Chart of the Week

Fuel price volatility: Positive and negative implications for transportation providers

Chart of the Week: Diesel Truck Stop Price Per Gallon, Ultra-Low Sulfur Diesel Rack Price, Fuel Spread – USA  SONAR: DTS.USA, ULSDR.USA, FUELS.USA

The retail price for diesel fuel has jumped 28% since Russia’s invasion of Ukraine, or roughly $1.12 a gallon. Fuel prices are higher than they were in 2009 when the DOE reported an average price of $4.72 that May. There are still questions about how long this will last, but there are both good and bad implications for carriers and the results vary wildly based on your buying power. 

Diesel remains the primary source of fuel for Class 8 trucks and accounts for roughly 15%-25% of the total cost of operation. Larger fleets tend to have relationships with fuel providers and get fuel at or near the wholesale or rack price, represented in the blue line in the chart (ULSDR). 

Smaller operations do not have the relationships or leverage most of the time to get their fuel at anything less than retail, which is represented by the green line in FreightWaves’ proprietary Diesel Truck Stop (DTS) price data — which produces a daily number versus the DOE weekly value. The lack of buying power puts smaller operators at a competitive disadvantage in regard to pricing, especially when rack prices drop rapidly as they did this week.  

The orange line is the fuel spread or the retail price less the rack price. This number is only viable to carriers who can buy fuel based on rack price. When the spread is high, there is more opportunity for those carriers to net profit from their contracted accounts. When the spread moves lower quickly, carriers can lose money on fuel. The reason for this polarizing result is in the way fuel costs are passed along to customers.  

In just about every rate agreement for anything that moves on less-than-truckload and full truckload, there is a surcharge table that explains either a percentage-of-total-cost or rate-per-mile accessorial fee depending on the weekly DOE reported average price of ultra-low sulfur diesel. This table is largely calculated based on the average fuel efficiency of the fleet, which tends to be somewhere between 6 and 6.5 miles per gallon and looks something like this for truckload:

From March 1 to Wednesday, the rack price increased from $3 a gallon to $3.93 a gallon, while fuel surcharge tables were based on a retail price of $4.10 a gallon. 

Using the example scale, carriers charged their customers roughly 39 cents a mile for fuel while their costs surged from 46 cents a mile to  60 cents a mile (31%) if we assume a 6.5-mpg average. In this example the carrier loses 14 cents per mile by the end of the week. 

On the flip side, the carrier makes that money back if volumes are similar in following weeks as rack prices fell back and retail prices remained elevated. This level of volatility is not typical, but it can wreak havoc on bottom lines for carriers and shippers, and both entities cannot hedge away all risk.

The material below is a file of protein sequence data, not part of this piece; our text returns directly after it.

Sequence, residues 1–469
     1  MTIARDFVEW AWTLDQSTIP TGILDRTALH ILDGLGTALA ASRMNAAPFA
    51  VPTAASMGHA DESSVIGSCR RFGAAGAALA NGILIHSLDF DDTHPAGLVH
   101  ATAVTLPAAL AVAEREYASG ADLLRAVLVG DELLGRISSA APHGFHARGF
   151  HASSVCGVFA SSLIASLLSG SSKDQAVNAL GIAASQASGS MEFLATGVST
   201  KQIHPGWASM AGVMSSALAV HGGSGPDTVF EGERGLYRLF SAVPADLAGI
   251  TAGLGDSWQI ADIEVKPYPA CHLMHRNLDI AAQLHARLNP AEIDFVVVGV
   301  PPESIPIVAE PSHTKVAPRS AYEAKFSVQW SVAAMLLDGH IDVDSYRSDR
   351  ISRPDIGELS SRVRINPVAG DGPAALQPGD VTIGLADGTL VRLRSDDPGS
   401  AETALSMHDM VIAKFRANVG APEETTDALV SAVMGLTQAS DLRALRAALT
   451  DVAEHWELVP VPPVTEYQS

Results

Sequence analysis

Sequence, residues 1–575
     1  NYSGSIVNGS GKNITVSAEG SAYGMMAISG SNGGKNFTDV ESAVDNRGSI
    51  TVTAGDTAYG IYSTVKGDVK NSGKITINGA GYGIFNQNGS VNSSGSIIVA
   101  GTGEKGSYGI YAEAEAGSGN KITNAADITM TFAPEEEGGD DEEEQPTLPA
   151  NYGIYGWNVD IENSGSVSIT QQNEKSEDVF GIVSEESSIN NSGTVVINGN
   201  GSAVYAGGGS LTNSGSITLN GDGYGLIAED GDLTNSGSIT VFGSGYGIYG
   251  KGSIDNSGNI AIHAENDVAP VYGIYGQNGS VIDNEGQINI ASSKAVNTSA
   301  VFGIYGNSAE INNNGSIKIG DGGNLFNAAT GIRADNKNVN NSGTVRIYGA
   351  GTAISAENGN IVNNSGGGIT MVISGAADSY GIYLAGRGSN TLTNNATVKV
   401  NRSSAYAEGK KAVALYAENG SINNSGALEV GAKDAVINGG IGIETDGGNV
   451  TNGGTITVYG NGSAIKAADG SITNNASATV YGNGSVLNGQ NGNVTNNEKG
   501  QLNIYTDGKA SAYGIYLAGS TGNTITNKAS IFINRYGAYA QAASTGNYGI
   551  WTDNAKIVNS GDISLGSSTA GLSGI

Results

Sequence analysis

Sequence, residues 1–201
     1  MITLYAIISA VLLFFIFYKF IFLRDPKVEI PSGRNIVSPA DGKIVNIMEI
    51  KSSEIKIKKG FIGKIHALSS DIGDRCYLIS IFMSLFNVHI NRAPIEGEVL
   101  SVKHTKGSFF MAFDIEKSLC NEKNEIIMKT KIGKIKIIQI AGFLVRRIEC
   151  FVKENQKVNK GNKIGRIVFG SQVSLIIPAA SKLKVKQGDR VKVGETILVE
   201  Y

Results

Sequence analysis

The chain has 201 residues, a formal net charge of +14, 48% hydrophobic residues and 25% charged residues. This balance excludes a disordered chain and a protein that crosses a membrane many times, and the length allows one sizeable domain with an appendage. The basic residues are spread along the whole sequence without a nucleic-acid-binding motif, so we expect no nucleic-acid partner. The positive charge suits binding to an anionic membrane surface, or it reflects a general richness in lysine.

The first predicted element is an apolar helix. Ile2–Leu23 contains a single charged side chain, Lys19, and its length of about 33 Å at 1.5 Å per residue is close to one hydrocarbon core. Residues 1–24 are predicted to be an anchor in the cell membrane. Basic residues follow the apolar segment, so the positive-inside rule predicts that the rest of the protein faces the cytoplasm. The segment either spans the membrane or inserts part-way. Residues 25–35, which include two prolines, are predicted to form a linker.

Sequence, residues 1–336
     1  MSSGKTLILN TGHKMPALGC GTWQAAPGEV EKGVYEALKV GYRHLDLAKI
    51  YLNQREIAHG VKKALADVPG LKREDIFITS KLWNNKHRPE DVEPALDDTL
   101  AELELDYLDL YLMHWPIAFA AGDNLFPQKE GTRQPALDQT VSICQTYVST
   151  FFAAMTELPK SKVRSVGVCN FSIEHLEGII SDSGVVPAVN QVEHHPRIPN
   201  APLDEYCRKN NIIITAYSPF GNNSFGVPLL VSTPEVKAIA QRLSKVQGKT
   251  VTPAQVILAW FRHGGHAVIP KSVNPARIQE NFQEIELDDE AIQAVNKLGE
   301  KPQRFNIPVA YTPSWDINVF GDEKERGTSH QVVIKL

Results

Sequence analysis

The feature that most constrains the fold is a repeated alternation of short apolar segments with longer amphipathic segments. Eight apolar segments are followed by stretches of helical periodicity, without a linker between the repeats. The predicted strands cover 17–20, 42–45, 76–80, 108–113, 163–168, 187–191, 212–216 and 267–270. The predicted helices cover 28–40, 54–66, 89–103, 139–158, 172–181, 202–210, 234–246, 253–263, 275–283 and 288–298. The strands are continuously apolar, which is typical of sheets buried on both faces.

As mentioned earlier, the smaller carriers and operators have to pass along the retail price and try to remain competitive. The good news is their clientele tends to be different than the enterprise fleets, favoring smaller shippers and more specialized freight. The bad news is they are at a marked disadvantage when they run up against the carriers with buying power. Some of this can be overcome with lower overhead costs and selective fueling.

Fuel costs are more than likely already having an impact on keeping transportation costs high, though difficult to see. In the above chart, the yellow line represents the national average spot rate costs for van loads according to, less the estimated fuel charges based on the surcharge table presented easier. The orange line is the all-in rate. 

The takeaway here is the widening gap between these two lines, representing fuel costs potentially increasing as a percentage of the total — in this case from 12% to17% year-over-year. In other words, spot rates may be propped up a bit by rising fuel prices.   

So far, it appears the recent weeks’ fuel cost fluctuations will be a wash for larger fleets in terms of hit to profitability, but rising fuel costs and the increasing volatility have long-run implications to inflationary pressure. 

About the Chart of the Week

The FreightWaves Chart of the Week is a chart selection from SONAR that provides an interesting data point to describe the state of the freight markets. A chart is chosen from thousands of potential charts on SONAR to help participants visualize the freight market in real time. Each week a Market Expert will post a chart, along with commentary, live on the front page. After that, the Chart of the Week will be archived on for future reference.

SONAR aggregates data from hundreds of sources, presenting the data in charts and maps and providing commentary on what freight market experts want to know about the industry in real time.

The FreightWaves data science and product teams are releasing new data sets each week and enhancing the client experience.

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Zach Strickland, FW Market Expert & Market Analyst

Zach Strickland, the “Sultan of SONAR,” curates the weekly market update. Zach is also one of FreightWaves’ Market Experts. With a degree in Finance, Strickland spent the early part of his career in banking before transitioning to transportation in various roles and segments, such as truckload and LTL. He has over 13 years of transportation experience, specializing in data, pricing, and analytics.